What a mystery Jesus was to those religious people! He lived out of the heavens whose resources were replete with fullness. With Him, there was no lack of provision, for the natural man or for the spiritual. What rest! What a Sabbath! Even in storms He could lay down and sleep. Even in conflict with the greatest enemy, He rose again, a greater Victor. Doesn't Hebrews 4 point us likewise to this?
This is the secret of those who are described in Daniel 11:32b. ...but the people that do know their God shall be strong, and do exploits.
We take note that "exploits" is not in the original of this verse. It simply says, .... .but the people that do know their God shall be strong, and do."
Do anything necessary for the carrying on of life when all the forces of hell have determined to prevent it.
Know in the above verse means to know intimately, in a warm and abiding relationship. It is not a word describing someone who hopes He might know God one day, or who knows Him by reciting a creed. It is a word describing those whose knowledge of Him is a settled thing.
Shall be strong, in the above Daniel verse, needs a closer look. To understand it, we need to look back at Daniel 10:19. This same word came to Daniel when he was eighty-nine years old, had been fasting three weeks, and was being visited by the angel Gabriel. These are three reasons for awful weakness! What old man who hasn't eaten for so long could perform anything, especially in the fearsome presence of an archangel?
Take note how Gabriel spoke to Daniel. O man greatly beloved, fear not: peace be unto thee, be strong, yea, be strong. And when he had spoken unto me, I was strengthened, and said, Let my lord speak; for thou hast strengthened me.
A word from an angel hardly compares with a word from the Holy Spirit,
or from the Father, or from the Lord Jesus. But we see the force of the
word be strong. It means, "Enter into strength, you who
are weak." Thus, the word in Daniel 11:32b has this force of meaning:
"The people that do know their God intimately shall be made strong out
of their weaknesses, and shall carry on with life even when all the power
of hell says they cannot."
Jesus laid out the foundation for us to understand this in John 14:6. He said, I am the way, the truth, and the life: no man cometh unto the Father, but by me. He was talking, not about our getting into heaven, but, about our coming unto the Father. If we listen to Him, we see this is the salvation He offers us. If we get this matter settled, all of life can become settled. There is no place so secure and rich as in the warm relationship that can be ours--here and now--with our heavenly Father. And, of course, this settles where we spend eternity.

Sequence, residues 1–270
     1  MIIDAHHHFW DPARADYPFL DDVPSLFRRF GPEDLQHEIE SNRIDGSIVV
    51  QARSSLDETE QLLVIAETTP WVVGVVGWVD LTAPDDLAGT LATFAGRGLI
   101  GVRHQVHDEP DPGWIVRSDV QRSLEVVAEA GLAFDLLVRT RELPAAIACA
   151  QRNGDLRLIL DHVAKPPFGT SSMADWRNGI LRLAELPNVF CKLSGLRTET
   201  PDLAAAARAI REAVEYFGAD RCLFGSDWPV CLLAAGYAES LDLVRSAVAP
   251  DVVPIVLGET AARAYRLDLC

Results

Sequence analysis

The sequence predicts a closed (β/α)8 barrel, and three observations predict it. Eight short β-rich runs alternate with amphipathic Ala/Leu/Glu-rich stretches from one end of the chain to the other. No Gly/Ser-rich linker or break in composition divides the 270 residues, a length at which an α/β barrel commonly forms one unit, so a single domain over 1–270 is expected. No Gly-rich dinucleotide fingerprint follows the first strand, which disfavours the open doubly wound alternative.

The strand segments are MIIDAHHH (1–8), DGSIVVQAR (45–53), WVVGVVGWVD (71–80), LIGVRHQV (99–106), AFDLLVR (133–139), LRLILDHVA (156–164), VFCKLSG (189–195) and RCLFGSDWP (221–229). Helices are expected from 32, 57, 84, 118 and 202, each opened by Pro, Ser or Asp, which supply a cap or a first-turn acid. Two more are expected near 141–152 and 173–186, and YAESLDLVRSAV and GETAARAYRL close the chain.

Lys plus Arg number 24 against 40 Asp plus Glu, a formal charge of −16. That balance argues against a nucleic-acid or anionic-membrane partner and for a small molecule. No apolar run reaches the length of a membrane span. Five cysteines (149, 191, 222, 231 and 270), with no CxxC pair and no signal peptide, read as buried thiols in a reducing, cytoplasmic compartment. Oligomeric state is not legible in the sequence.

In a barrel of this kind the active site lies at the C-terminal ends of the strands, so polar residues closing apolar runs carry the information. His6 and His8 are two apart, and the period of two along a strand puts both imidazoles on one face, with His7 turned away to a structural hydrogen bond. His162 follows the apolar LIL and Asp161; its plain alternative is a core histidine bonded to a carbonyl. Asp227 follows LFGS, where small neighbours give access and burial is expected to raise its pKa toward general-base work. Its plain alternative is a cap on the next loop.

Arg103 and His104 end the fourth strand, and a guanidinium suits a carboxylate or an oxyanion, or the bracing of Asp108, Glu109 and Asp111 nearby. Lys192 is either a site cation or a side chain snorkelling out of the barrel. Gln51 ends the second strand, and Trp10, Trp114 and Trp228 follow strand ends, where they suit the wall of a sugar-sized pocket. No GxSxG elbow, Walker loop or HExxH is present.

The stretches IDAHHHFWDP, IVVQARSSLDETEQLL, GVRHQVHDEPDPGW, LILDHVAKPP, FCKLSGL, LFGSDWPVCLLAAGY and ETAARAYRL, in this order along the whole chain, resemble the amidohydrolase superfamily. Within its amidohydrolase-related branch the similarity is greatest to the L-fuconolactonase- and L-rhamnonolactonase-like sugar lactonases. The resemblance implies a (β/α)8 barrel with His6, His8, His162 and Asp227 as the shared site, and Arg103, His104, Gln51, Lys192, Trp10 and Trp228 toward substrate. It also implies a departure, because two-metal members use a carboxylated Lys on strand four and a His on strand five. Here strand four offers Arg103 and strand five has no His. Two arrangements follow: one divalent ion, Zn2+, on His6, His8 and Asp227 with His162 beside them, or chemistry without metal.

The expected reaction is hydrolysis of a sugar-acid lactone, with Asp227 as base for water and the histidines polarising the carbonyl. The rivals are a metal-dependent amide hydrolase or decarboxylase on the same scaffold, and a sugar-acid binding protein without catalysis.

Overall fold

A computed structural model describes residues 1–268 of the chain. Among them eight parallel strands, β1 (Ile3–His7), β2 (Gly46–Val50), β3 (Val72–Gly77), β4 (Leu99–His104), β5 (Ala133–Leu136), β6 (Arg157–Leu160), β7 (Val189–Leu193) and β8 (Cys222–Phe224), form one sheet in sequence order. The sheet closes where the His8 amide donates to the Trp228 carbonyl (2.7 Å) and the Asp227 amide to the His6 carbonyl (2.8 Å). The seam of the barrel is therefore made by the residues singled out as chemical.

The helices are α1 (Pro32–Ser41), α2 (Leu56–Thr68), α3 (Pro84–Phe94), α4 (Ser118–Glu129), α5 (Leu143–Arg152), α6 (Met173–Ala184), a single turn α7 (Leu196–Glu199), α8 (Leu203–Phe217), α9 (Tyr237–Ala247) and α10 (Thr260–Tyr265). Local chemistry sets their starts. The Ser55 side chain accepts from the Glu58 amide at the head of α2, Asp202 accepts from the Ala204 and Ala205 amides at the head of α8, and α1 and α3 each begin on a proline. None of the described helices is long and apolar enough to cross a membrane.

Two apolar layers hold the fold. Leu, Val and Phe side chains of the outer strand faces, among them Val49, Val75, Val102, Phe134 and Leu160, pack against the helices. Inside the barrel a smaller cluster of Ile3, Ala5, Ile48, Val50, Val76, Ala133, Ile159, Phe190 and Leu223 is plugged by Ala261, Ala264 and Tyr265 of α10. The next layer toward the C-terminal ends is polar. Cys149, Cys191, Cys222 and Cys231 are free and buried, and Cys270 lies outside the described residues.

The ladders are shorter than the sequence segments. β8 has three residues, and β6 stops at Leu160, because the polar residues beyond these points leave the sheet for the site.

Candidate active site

I grew up with a lack in knowing what a father should be. By observing my natural dad, I gained little appreciation for that relationship. With his lacks and personal hurts--along with his inability to be all I needed as a son--he was still the father God gave me. I'm thankful for him and the family we had.
When I came to know the Lord Jesus as my Savior, the first thing He did was introduce me to His Father. It's as though He said, "Father, here's Ed. Please receive him into Our family."
A song I knew then expressed what became a reality for me. My God and I walk in the fields together. We walk and talk as good friends should and do. In those early days I walked through the woods and fields with Him. I found I could talk with Him about anything. I even learned to listen. He became my Father-Friend--and has remained that. I'm coming to see this relationship has eternity in it. It never ceases.
Recently, when talking with someone about the Father, I noticed him weeping. It was a new concept. Actually, this has happened more than once lately. The Father isn't Someone to Whom some people can easily relate. All too many have had so poor a relationship with their father that it confuses them about their heavenly Father.
That's the reason we have a Savior. He's come to bring us to His Father.
And, marvel of marvels, the Holy Spirit has come to make this relationship
The adoption of sons is a marvelous term from the Greek huiothésia. It means "placement in a household as a mature son." Amazingly, it describes one who is mature and ready to receive his or her inheritance. Note how it is associated with redemption. God has redeemed us that we might receive "son-placement" in His household. The Redemption leads to this.
6 And because ye are sons, God hath sent forth the Spirit of his Son into your hearts, crying, Abba, Father.